Why Don't Republicans Like Merrick Garland? (Don't They Know About Judge Edith Jones?)

Republicans already hate Supreme Court nominee Merrick Garland because he's President Obama's choice, but they really should reconsider.
Republicans already hate Supreme Court nominee Merrick Garland because he's President Obama's choice, but they really should reconsider.

If Republicans closely examine the record of centrist judge and U.S. Supreme Court nominee Merrick Garland, they might find at least one thing to like a lot – his apparent role in protecting the famously conservative and controversial Fifth Circuit Court of Appeals Judge Edith Jones.

Garland, chief judge of the District of Columbia Court of Appeals and now nominated by President Obama to fill the seat of the late Justice Antonin Scalia, was appointed to handle an ethics complaint filed against Jones after she reportedly spouted racist remarks during a law school speech.

Jones, once a Houston lawyer, was appointed to the court by President Ronald Reagan in 1985. In her time on the court, Jones has pushed to streamline death penalty cases, questioned the legal reasoning behind legalized abortion, and invalidated a federal ban on owning machine guns. Jones is infamous for her decision to uphold the death sentence for a man whose lawyer slept through the entire trial. 

But it wasn't her opinions on the court that got her in trouble. Back in 2013, Jones either made a perfectly acceptable little speech on the death penalty at the University of Pennsylvania School of Law or made some of the most racist and bigoted public remarks ever to come out of a federal judge's mouth in modern times, depending on whose version of the story you believe.

Her remarks, as interpreted by five law students and one professor in the audience that day, were enough for a collection of civil rights experts and legal ethicists to file a complaint with the Fifth Circuit. The complaint, filed by 13 individuals and civil liberties groups, alleged that Jones made racially charged statements during the speech along these lines:

Certain "racial groups like African Americans and Hispanics are predisposed to crime," are "'prone' to commit acts of violence," and get involved in more violent and "heinous" crimes than people of other ethnicities; Mexican Nationals would prefer to be on death row in the United States rather than serving prison terms in Mexico; Defendants' claims of racism, innocence, arbitrariness, and violations of international law and treaties are really nothing more than "red herrings" used by opponents of capital punishment; Claims of "mental retardation" by capital defendants are also red herrings, and the fact such persons were convicted of a capital crime is in itself sufficient to prove they are not in fact "mentally retarded."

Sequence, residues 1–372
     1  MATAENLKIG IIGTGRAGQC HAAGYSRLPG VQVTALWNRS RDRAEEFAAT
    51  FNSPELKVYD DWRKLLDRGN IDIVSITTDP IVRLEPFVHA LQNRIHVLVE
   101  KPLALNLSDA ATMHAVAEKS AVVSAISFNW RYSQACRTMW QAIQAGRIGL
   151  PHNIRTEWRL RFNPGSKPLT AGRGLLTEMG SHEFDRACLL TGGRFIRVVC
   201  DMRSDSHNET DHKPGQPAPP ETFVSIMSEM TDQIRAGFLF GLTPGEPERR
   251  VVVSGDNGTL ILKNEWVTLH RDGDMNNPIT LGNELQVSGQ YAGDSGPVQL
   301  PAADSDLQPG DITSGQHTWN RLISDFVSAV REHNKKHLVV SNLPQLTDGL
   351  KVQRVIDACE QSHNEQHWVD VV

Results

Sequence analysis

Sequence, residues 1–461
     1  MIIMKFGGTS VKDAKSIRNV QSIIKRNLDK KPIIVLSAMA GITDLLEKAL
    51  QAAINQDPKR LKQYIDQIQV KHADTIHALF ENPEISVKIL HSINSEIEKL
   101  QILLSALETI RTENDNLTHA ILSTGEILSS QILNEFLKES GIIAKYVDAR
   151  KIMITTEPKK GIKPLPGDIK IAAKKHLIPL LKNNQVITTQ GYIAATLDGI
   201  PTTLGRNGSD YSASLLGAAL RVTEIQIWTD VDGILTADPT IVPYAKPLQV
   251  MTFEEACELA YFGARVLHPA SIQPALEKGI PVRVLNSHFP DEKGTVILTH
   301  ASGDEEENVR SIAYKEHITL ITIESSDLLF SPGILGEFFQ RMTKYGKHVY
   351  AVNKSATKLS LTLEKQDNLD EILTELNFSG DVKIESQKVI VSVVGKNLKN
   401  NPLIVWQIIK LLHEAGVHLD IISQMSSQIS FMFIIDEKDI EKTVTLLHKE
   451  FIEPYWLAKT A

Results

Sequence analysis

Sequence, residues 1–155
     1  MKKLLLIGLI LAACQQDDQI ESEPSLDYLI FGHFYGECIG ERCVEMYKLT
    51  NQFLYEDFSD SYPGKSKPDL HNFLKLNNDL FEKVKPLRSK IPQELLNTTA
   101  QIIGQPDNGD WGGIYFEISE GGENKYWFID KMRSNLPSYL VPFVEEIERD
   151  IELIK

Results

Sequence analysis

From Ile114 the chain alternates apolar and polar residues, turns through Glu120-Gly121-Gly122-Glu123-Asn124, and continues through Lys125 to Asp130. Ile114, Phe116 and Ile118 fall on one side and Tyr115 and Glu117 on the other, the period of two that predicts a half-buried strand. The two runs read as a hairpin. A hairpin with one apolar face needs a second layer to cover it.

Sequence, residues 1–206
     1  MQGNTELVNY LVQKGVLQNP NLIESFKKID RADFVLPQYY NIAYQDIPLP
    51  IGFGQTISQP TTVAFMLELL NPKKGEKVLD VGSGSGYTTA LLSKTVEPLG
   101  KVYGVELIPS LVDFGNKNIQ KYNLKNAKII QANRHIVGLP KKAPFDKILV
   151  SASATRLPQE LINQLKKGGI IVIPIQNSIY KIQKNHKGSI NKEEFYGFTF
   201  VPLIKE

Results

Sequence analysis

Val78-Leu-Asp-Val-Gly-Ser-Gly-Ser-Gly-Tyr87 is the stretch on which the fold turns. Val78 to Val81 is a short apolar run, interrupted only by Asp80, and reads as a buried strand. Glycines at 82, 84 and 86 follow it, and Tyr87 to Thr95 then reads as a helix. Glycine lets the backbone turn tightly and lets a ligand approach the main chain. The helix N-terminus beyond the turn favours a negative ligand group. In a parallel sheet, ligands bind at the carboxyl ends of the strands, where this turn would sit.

The complaint also called Jones out for an infamous exchange she had with fellow Fifth Circuit Judge J. Dennis back in 2011 when Jones was chief justice of the court. During a hearing on a criminal drug conviction, Jones got irritated that Dennis, one of the few liberal justices on the court, was asking questions. While the verbal spat with Dennis was recorded, somehow the speech Jones gave in Pennsylvania was not. 

The whole mess was serious enough that then-Fifth Circuit Chief Justice Carl Stewart passed the ethics complaint off to U.S. Supreme Court Chief Justice John Roberts, and he kicked it to Garland. Garland appointed a  committee of three DC Circuit judges to handle the complaints, including himself.

The committee then appointed Jeffrey Bellin, a professor at William and Mary Law School, to conduct the factual investigation, according to Mother Jones. The fact the complaint was filed was a big deal in and of itself. It was entirely out of the ordinary that the complaint got all the way to Garland and the special committee. 

Only Jones and Marc Bookman, a Philadelphia death penalty lawyer who attended her speech and helped file the complaint, were allowed to testify in the review. The lawyer representing Jones was allowed to cross-examine Bookman, but Jones testified behind closed doors, without any of the people who filed the complaint in the room, Mother Jones reports.  

The report Garland's panel issued stated that Jones denied saying the controversial things she was accused of spouting, including the bit about how she's skeptical of death penalty defendants who claim mental illness and the allegation that she said Hispanics are more violent and more prone to committing crimes.

However, the report did not include a transcript of Jones's testimony, or copies of the papers, notes and articles she submitted as proof that she hadn't said the things she was accused of saying. And since there isn't an actual recording of the speech, Garland and the rest of the panel let Jones off the hook. The panel recommended that the D.C. Circuit's judicial council, the final word on the ethics complaint, find in favor of Jones, which the council did. 

Garland was reportedly involved in this process from start to finish, according to Mother Jones. But there's one thing all of this does tell us. Jones was in a difficult situation, one that most justices never find themselves in, and Garland, a fellow justice on a circuit court, oversaw the process that allowed her to be privately judged and cleared of all accusations of wrongdoing completely out of the public eye.  

So now Jones is still comfortably on the bench, and Garland is off on what may be a quixotic quest to become the next Supreme Court justice.

All things considered, though, we can't help but wonder why the Republicans aren't more interested in Garland. Sure, his record on the big issues like gay rights and abortion is unclear, but he's at least proved that when it comes down to it, Garland protects his own fellow justices, even Jones.

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